Jonah Lesson 3

God Expects Us to Take the Initiative and Serve Him

Jonah Chapter 2

1.  Sometimes you can feel God calling you to serve Him, yet you wait to be asked, rather than volunteering:

a.  For service in some church program or activity.

b.  For some worthwhile Christian service endeavor.

Q1.  There are so many opportunities to serve the Lord, but often the opportunities go wanting for lack of volunteers, even though they may be qualified to serve.  Should we volunteer or wait to be asked to serve?

Q2.  Should every new person who attends a church service be offered an opportunity to serve?  When should they be approached?  How do you engage them without overwhelming or scaring them away before they even get started?  How do you determine what their talents are?

2.  Let's look at this subject from the perspectives of God and Jonah.

a.  God became the initiator when He saw the need and potential for conversion in the hearts of the Ninevites.  Our God, who knows all, sees potential where we may not.

b.  Jonah had to learn initiative.  It began with his submission in the belly of a large fish.  (If you haven't already, ask someone in the group to read Jonah, Chapter 2 at this time.)

c.  A clear mark of a true servant of God or leader for God is the display of initiative.  Godly servants and leaders, who are committed to their faith, simply don't wait for someone else to approach them about getting involved.  If they do, they mark themselves as reluctant followers only.  God truly wants those who have a heart for service to show initiative.  Do you have the foresight, faith, and willingness to take a risk for kingdom work?  Then God wants you to take the initiative to get involved in a ministry.  Volunteer to teach, work, reach out to someone in need, or just simply ask, "What do you want me to do?"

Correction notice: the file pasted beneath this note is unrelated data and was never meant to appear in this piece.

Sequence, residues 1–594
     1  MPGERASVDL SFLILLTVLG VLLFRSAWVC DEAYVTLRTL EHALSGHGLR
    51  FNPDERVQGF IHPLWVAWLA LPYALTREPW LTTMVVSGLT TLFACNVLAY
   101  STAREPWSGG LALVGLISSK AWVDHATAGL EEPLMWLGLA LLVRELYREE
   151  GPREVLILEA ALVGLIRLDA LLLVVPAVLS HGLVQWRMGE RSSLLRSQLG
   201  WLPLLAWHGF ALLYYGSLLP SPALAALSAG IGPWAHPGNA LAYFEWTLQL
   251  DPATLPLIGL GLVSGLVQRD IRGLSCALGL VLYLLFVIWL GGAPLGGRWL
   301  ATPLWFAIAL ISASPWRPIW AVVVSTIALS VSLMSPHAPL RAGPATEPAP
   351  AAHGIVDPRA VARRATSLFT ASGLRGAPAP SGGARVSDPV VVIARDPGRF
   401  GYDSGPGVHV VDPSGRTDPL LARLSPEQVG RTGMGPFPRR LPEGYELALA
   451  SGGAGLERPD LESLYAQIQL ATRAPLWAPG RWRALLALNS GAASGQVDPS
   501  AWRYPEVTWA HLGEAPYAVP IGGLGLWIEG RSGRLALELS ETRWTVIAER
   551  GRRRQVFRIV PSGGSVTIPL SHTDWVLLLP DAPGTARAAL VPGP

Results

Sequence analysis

d.  Like Jonah, we need to take the initiative and the risk for God, because we know our future is in His hands, even when there is some fear involved.

Q3.  What are some fears we may have when we take the initiative and start something new or challenging in doing kingdom work?  Discuss the best way to deal with each of those fears.

3.  Nehemiah is a wonderful Biblical example of a dedicated man of God taking the initiative and following it up with action.  Refer to the Book of Nehemiah, chapters 1 and 2, and if time allows, read this passage.

4.  In lesson 4, we will see that the King of Nineveh also displayed the trait of initiative when he responded to the message of God , spoken through Jonah, and lead his people to respond to this call.

Q4.  Identify some people the group knows, or have known, who have taken the initiative to begin a good work in the name of Christ, and dedicated themselves to it.  What has resulted from their actions?

5.  Some other Biblical passages that closely align with the idea of taking the initiative are as follows.  As you read the scriptures, mention the initiative that should be taken in response to each passage.

a. Proverbs 13:20 - "He who walks with wise (men) shall be wise; but a companion of fools shall  be destroyed."

b.  Proverbs 14:7 - "Go from the presence of a foolish man, when you do not perceive in him the lips of knowledge."

c.  Proverbs 15:1 - "A soft answer turns away wrath; but a harsh word stirs up anger."

d.  Matthew 5:16 - "Let your light so shine before men, that they may see your good works, and glorify your Father, which is in heaven."

e.  Matthew 7:7 - "Ask, and it shall be given to you, seek, and you shall find; knock, and it shall be opened to you."

f.  Romans 12:20 - "Therefore, if your enemy is hungry, feed him; if he is thirsty, give him something to drink; for in so doing, you will heap coals of fire on his head."

g.  Ephesians 4:26 - "Be angry and do not sin, do not let the sun go down on your wrath."

h.  James 4:17 - "Therefore, to him who knows to do good, and does not do it, to him it is sin." 

 

 

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